Hiking Guide to the Tonquin Valley Trail in Jasper National Park

Winding through the western valleys of Jasper National Park, the Tonquin Valley is a multi-day hike in the Canadian Rockies that should be VERY high up on your bucket list. It’s a 44 km horseshoe shaped relocation trek with the possibility of doing many side trips.

The pinnacles of the hike, for most people, are the two Amethyst Lakes. At around 22 km from either trailhead and lying directly below the Ramparts, they mark the halfway point of the trail. 

The Ramparts are very distinctly jagged mountain range placed right on the Great Divide – the continental divide of the Americas. 

Whilst the hike can be done over 2 long days I would recommend that you spend at least 4 days, 3 nights, taking in all the scenery. The bookings for Tonquin Valley open at the end of January. On many other multiday hikes in the Canadian Rockies the spots are gone in a matter of first few weeks. That’s not the case here.

Despite its beauty I’ve noticed that Tonquin Valley is one of the least busy backpacking trips in the Rockies. There are few reasons for it which I’ll get to in a bit.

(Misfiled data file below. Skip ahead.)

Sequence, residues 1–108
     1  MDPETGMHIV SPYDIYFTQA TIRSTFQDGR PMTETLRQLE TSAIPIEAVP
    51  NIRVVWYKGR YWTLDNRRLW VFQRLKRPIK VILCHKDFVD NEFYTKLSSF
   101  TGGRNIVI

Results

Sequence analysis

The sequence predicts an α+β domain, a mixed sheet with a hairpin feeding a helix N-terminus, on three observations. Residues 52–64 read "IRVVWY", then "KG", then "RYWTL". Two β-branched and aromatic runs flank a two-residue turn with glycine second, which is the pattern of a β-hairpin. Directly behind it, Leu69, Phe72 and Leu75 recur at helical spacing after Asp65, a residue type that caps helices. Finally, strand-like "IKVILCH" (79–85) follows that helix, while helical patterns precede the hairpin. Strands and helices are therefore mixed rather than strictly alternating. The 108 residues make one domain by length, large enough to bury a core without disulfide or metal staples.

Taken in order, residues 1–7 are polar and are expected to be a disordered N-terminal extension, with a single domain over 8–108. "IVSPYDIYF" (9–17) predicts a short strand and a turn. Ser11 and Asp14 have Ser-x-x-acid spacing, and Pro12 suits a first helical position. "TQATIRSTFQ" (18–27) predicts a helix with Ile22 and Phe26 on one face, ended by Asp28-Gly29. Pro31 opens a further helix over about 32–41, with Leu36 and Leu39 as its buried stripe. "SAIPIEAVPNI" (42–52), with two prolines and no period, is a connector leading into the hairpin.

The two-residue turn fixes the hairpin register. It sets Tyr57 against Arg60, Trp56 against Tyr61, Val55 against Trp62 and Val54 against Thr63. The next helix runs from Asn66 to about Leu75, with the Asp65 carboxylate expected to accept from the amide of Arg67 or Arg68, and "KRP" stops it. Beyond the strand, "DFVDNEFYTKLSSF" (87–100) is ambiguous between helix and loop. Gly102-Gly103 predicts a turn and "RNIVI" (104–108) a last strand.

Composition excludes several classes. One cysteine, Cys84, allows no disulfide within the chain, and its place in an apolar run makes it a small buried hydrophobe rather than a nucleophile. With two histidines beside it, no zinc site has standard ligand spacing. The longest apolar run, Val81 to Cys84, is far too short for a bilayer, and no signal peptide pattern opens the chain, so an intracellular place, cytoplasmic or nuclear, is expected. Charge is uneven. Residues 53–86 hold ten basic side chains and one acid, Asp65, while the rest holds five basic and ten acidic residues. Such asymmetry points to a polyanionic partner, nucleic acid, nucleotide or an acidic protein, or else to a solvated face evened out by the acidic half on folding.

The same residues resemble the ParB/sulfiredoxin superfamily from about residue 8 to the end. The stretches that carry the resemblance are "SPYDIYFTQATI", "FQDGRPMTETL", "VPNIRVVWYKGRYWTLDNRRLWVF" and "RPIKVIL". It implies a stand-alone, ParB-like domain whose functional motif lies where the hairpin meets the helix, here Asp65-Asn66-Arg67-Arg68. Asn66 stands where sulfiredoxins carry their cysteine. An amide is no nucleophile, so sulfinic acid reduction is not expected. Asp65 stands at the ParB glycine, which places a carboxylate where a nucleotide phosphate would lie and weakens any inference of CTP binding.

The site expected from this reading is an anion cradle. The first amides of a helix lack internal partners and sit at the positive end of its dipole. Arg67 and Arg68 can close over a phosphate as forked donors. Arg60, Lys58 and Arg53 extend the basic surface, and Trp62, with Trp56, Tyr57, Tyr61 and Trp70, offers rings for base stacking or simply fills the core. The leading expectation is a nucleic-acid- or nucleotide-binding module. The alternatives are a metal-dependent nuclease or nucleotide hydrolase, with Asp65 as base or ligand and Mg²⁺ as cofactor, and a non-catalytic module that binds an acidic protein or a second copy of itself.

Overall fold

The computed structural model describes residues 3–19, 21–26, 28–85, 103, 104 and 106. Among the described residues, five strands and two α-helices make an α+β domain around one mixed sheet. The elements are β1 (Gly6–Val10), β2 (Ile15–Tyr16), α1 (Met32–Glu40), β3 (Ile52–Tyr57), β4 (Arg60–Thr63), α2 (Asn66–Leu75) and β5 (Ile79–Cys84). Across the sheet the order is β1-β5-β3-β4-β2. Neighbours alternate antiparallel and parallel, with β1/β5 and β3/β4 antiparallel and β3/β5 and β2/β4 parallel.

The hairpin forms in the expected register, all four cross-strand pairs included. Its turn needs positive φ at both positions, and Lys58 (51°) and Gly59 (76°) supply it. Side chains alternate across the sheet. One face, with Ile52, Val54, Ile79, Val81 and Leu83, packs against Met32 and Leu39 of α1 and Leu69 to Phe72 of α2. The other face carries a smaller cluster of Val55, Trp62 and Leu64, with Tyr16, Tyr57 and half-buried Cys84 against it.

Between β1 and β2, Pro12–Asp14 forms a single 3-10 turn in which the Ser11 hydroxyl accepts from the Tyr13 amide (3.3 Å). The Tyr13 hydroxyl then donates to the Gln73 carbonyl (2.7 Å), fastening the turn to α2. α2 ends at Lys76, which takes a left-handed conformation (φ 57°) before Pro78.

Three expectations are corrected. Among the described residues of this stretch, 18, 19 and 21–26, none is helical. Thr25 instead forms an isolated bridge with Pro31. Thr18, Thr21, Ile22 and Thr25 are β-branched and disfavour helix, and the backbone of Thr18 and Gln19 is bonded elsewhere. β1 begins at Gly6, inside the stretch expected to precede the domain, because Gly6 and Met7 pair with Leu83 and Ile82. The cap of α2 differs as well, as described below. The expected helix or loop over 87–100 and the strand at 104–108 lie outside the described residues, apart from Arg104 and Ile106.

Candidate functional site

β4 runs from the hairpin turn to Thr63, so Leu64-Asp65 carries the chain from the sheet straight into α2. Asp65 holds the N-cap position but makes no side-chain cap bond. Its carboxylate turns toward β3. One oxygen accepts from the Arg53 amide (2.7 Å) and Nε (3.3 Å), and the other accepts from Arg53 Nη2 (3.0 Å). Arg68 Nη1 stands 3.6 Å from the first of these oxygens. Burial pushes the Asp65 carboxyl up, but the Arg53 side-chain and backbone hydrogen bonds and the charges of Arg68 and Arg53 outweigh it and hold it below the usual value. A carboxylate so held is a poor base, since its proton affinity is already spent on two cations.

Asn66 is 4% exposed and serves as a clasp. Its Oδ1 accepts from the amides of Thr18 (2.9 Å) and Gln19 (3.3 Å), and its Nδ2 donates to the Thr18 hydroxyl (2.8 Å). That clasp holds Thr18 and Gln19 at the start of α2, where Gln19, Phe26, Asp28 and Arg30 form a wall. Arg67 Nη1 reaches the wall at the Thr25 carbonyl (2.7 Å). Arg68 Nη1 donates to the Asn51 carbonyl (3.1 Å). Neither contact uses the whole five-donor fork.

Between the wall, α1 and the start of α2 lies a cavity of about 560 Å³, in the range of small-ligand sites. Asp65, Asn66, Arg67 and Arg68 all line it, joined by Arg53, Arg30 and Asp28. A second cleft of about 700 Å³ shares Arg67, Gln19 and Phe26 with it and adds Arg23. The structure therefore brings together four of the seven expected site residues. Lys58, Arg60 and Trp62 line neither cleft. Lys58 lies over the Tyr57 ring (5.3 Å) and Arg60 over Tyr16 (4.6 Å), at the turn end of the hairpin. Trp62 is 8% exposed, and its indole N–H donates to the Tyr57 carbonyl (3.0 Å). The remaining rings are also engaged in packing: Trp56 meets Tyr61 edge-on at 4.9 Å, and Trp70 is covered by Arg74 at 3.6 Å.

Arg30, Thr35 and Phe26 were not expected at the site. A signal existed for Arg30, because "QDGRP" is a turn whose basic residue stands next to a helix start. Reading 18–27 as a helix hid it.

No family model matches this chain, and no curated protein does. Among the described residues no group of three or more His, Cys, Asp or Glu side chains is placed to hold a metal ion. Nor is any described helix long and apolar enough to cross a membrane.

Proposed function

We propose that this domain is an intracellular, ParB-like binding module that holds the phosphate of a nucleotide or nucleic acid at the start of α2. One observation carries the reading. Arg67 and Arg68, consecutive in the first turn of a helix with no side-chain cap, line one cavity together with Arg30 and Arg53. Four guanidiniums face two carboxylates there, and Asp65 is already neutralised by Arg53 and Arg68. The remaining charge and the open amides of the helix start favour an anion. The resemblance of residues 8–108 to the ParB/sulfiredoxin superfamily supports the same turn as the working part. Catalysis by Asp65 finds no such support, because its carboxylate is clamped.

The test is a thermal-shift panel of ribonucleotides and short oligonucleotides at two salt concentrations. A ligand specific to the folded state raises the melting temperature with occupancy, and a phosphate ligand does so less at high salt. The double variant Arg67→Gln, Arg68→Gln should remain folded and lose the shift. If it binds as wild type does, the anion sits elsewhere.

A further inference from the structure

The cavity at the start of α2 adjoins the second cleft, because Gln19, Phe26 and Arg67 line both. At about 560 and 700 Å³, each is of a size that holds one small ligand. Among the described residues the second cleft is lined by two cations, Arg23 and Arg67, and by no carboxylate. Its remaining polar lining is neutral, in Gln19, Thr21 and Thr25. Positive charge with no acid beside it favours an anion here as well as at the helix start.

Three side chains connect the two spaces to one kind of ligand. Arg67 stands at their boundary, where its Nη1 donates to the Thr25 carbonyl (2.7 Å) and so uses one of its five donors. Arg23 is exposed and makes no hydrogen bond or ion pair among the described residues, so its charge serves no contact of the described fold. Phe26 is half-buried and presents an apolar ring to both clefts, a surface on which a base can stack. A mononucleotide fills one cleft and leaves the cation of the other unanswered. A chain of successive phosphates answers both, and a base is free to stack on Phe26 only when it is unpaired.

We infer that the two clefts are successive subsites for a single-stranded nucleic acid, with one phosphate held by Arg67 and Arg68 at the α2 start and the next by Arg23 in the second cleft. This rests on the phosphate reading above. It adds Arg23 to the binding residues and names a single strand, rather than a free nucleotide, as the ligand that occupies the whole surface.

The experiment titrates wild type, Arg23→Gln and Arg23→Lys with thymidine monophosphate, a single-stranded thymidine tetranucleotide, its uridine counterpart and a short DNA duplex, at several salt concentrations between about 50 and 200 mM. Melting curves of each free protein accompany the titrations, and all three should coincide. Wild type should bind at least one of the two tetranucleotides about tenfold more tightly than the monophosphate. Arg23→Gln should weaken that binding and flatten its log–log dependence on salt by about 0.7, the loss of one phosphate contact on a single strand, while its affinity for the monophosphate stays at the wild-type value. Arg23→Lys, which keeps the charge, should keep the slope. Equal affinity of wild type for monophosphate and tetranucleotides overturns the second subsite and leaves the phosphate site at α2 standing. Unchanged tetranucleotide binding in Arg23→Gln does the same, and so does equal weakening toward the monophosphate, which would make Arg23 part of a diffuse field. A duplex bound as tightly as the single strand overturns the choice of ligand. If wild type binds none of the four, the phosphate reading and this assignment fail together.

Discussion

What makes it unique from other trips is a high probability of spotting not only Moose, Black and Grizzly bears, but also Woodland Caribou. Only a few hundreds of them still live in this part of Canada. 

Information on multi-day backpacking trip along the Tonquin Valley Trail

Sunset near the Amethyst Lakes. Tonquin Valley Backpacking Guide

Getting Your Head Around The Relocation Between the Trailheads

There are two access trailheads to Tonquin Valley: Astoria and Portal. Personally, I think the Astoria is easier, also known as the Cavell trailhead. Although not a huge difference in elevation, the Astoria Trailhead is 200m higher than the Portal trailhead, which means less effort for you when hiking in.

It will definitely be noticeable whilst lugging around a 15kg backpack. If you are fit you can easily make it to either Switchback or Surprise point campsite on the first day. 

Most people will find that the Astoria Campsite, at around 7 kilometres (ca. 4,5 miles) is too close to the trailhead to be considered useful, unless you plan on starting the hike late in the afternoon. 

The most efficient way to tackle the trail is to park at the Portal trailhead then hitchhike to the Astoria trailhead. This way once you finish the hike at Portal, your vehicle will be waiting for you. If you don’t look like a crazy person then hitchhiking shouldn’t take long. Currently there is no chartered bus service between the trailheads and taxis charge a flat rate of 100$ for the 20-minute journey.

Remember you will need a reservation for this trail! For current fees and bookings head over to Parks Canada Website

A map detailing the route along the Tonquin Valley Trail in Jasper National Park